Strawberries grown in Pakistan aren't of great quality, since they aren't indigenous to the land and haven't really taken to the soil after all these years of local farming (unlike kinnows, which is a citrus fruit first farmed in the US but now the Indo-Pak region has the best quality kinnows in the world). But something is better than nothing. We only get strawberries for a couple of months in winter and then they are gone.

I eat blueberries, raspberries, and other foreign berries only when I travel abroad, because we don't get them over here. We get cherries, mulberries, jamun, and bayr when in season. I don't know what you call bayr in English or even if there's a word for that. Another local berry from the family of raspberries is called "rass bhari" but they are a world apart from raspberries.

Here endeth the lecture on berries :coffee:

 

Edited by Marbles

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Tried to eat, but failed.

The local supermarket had the offer of free food. This seemed way better than my usual purchasing of cheap food that is on its sell-by date. Unfortunately, if you look at the offer head on the box covers up the fact that the offer is only for children (as you can see below).

A bit embarrassing, when I was told by a sales assistant not to eat it myself. But lesson learned and now I have to take Abbas with me.

IMG_1266.thumb.jpg.2551aafa11a40745b797e2b54c3f3869.jpg

Edited by Haji 2003

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Eating: toast with gravy. Mmmmm. 

d80abebdf3118e183b9472b0ba8c7ce1--chicke

Not my photo. Mine is ugly but delicious. 

Will eat: the menu says we're having waffles, but I keep going back and forth on whether I want to do that. 

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On 1/27/2019 at 4:08 PM, Marbles said:

Fruit vendors over here wash them before displaying and that is why they go off very quickly. They'd have a longer shelf life if they let the end user wash them. The only survive until the next day even if I put them in the fridge. 

Strawberries grown in Pakistan aren't of great quality, since they aren't indigenous to the land and haven't really taken to the soil after all these years of local farming (unlike kinnows, which is a citrus fruit first farmed in the US but now the Indo-Pak region has the best quality kinnows in the world). But something is better than nothing. We only get strawberries for a couple of months in winter and then they are gone.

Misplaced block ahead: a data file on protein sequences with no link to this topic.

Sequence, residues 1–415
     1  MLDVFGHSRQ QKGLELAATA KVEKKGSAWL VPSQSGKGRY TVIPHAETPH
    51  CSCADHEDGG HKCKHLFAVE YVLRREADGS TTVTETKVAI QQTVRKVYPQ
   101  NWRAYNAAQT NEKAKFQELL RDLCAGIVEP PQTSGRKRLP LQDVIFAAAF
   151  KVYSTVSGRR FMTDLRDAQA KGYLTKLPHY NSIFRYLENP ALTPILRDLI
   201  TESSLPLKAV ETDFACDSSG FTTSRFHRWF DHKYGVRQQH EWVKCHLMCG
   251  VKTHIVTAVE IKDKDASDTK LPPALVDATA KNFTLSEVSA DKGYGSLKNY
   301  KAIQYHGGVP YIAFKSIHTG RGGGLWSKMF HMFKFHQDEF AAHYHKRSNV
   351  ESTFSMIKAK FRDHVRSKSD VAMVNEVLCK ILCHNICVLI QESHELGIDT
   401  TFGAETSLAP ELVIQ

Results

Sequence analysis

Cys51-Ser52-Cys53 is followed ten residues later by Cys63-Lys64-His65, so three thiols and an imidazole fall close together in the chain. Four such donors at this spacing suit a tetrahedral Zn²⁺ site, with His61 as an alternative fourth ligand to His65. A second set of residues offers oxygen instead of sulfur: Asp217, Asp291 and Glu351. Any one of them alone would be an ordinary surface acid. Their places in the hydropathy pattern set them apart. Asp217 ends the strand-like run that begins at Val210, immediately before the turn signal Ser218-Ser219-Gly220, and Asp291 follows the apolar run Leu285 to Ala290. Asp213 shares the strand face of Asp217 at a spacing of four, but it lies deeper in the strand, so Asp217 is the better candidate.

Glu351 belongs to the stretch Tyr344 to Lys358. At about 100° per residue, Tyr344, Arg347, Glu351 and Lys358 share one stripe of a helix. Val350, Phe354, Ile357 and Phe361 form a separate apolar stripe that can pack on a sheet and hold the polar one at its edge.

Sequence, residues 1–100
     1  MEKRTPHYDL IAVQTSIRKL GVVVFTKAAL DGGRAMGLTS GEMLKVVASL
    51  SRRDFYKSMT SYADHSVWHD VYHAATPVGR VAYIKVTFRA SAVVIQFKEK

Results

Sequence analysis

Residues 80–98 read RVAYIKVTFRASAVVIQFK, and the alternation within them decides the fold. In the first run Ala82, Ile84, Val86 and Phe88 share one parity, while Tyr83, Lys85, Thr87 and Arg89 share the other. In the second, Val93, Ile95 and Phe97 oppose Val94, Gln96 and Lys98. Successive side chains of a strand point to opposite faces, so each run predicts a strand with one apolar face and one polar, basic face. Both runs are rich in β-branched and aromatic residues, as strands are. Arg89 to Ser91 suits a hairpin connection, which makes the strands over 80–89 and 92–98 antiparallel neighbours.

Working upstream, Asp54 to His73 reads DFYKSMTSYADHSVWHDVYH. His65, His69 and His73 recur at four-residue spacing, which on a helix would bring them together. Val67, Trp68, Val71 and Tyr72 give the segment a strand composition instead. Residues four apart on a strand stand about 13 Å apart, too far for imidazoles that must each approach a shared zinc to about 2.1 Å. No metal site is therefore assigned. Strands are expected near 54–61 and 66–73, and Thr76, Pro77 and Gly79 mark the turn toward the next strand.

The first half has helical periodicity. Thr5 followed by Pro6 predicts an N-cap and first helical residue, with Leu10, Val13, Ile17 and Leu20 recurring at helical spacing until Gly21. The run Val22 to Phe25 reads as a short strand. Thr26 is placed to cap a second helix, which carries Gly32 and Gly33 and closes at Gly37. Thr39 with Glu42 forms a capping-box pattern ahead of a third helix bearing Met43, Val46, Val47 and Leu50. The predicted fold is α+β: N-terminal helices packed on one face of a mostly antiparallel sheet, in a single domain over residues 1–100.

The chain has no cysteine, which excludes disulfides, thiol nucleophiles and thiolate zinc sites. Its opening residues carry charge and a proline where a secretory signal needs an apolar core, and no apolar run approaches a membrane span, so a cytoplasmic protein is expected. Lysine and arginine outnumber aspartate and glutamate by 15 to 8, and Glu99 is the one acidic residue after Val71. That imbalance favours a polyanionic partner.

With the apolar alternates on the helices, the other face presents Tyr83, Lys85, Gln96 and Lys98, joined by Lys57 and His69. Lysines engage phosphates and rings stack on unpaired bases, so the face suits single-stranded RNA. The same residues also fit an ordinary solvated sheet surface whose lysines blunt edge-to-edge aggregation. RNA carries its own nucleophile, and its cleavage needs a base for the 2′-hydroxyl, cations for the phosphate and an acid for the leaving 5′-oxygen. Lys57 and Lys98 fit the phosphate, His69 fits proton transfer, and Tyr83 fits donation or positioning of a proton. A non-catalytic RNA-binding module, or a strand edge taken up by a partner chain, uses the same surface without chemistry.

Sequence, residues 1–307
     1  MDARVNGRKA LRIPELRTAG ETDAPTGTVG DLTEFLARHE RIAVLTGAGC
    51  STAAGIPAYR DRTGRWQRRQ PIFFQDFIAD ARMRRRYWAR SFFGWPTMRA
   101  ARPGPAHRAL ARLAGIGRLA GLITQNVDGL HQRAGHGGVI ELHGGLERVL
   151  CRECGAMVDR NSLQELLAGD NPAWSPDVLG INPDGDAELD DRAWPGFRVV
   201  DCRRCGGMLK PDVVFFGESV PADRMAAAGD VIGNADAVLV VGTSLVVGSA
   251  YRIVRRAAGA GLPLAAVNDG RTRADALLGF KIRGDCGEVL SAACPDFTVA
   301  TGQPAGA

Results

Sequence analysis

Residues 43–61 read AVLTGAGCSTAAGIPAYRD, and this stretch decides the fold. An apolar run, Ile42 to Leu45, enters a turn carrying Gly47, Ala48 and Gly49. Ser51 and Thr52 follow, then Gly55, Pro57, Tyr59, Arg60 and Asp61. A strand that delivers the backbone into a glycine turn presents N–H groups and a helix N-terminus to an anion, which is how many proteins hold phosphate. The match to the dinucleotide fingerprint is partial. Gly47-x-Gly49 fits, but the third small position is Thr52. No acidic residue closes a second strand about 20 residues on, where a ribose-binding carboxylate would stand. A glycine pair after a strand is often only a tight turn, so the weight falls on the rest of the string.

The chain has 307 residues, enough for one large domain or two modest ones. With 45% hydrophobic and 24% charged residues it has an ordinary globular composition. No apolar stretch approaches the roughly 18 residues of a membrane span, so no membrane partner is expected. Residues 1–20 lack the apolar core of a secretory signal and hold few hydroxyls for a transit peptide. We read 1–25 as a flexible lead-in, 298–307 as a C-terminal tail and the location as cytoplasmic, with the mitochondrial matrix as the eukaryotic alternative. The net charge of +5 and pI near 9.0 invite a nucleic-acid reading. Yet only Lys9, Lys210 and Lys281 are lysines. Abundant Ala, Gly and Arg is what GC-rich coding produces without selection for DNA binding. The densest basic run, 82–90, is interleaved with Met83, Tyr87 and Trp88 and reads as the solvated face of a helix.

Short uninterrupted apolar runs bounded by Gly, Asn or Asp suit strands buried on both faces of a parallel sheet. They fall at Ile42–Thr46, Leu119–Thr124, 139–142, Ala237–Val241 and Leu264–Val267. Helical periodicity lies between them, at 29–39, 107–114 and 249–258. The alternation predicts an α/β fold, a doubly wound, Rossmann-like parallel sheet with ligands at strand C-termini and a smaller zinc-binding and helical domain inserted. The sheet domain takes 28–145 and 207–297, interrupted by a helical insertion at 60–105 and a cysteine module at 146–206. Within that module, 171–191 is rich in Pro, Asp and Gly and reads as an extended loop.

I eat blueberries, raspberries, and other foreign berries only when I travel abroad, because we don't get them over here. We get cherries, mulberries, jamun, and bayr when in season. I don't know what you call bayr in English or even if there's a word for that. Another local berry from the family of raspberries is called "rass bhari" but they are a world apart from raspberries.

Here endeth the lecture on berries :coffee:

 

You forgot Pakistani ‘falsey’ which is sacrelige, unless it’s hidden in one of those English terms for it. 

Falsey with crushed black rock salt. Heavens in spicy land. 

@Aflower you haven’t tried US North East starwberries yet, without genetically grown, their natural form is size of an apple, and if ripened in sun for half a day, are crispy sweet better than, well there is no comparison. And I would never adulterate mine with cream or chocolate. 

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Eating: Zarda(rice cooked in sugar syrup and flavoured with cardamom, nuts and sweets)

rps20190202_190711_264.thumb.jpg.9f8a4ab840ccc2fbe3e406c6977d954c.jpg

Will eat: nothing until morning :D

Edited by starlight
'Flavoured' not 'favoured'

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Brisket.jpg
Brisket

Frito Pie.jpg
Frito Pie (ground beef cooked in marinara sauce, frito chips, jalapenos, salsa, Mexican cheese)

Hot dogs.jpg
Hot dogs

Khow Suey.jpg
Khow Suey (Burmese dish - noodles, chicken, coconut milk gravy topped with chips, garlic chips, lime, cilantro)

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4 hours ago, ShiaMan14 said:

Brisket.jpg
Brisket

Frito Pie.jpg
Frito Pie (ground beef cooked in marinara sauce, frito chips, jalapenos, salsa, Mexican cheese)

Hot dogs.jpg
Hot dogs

Khow Suey.jpg
Khow Suey (Burmese dish - noodles, chicken, coconut milk gravy topped with chips, garlic chips, lime, cilantro)

Mouth watering, almost have the smell at 3:09 am :itsok: Thankyou for making this time more comfortable :dry:

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Someone from the Bible Belt made a comment in a keto group I follow:

"I find it strange that Jesus said that He is the Bread of life, but the American wheat is killing us."

I replied, "Perhaps Jesus meant He's almond bread."

 

Edited by Marbles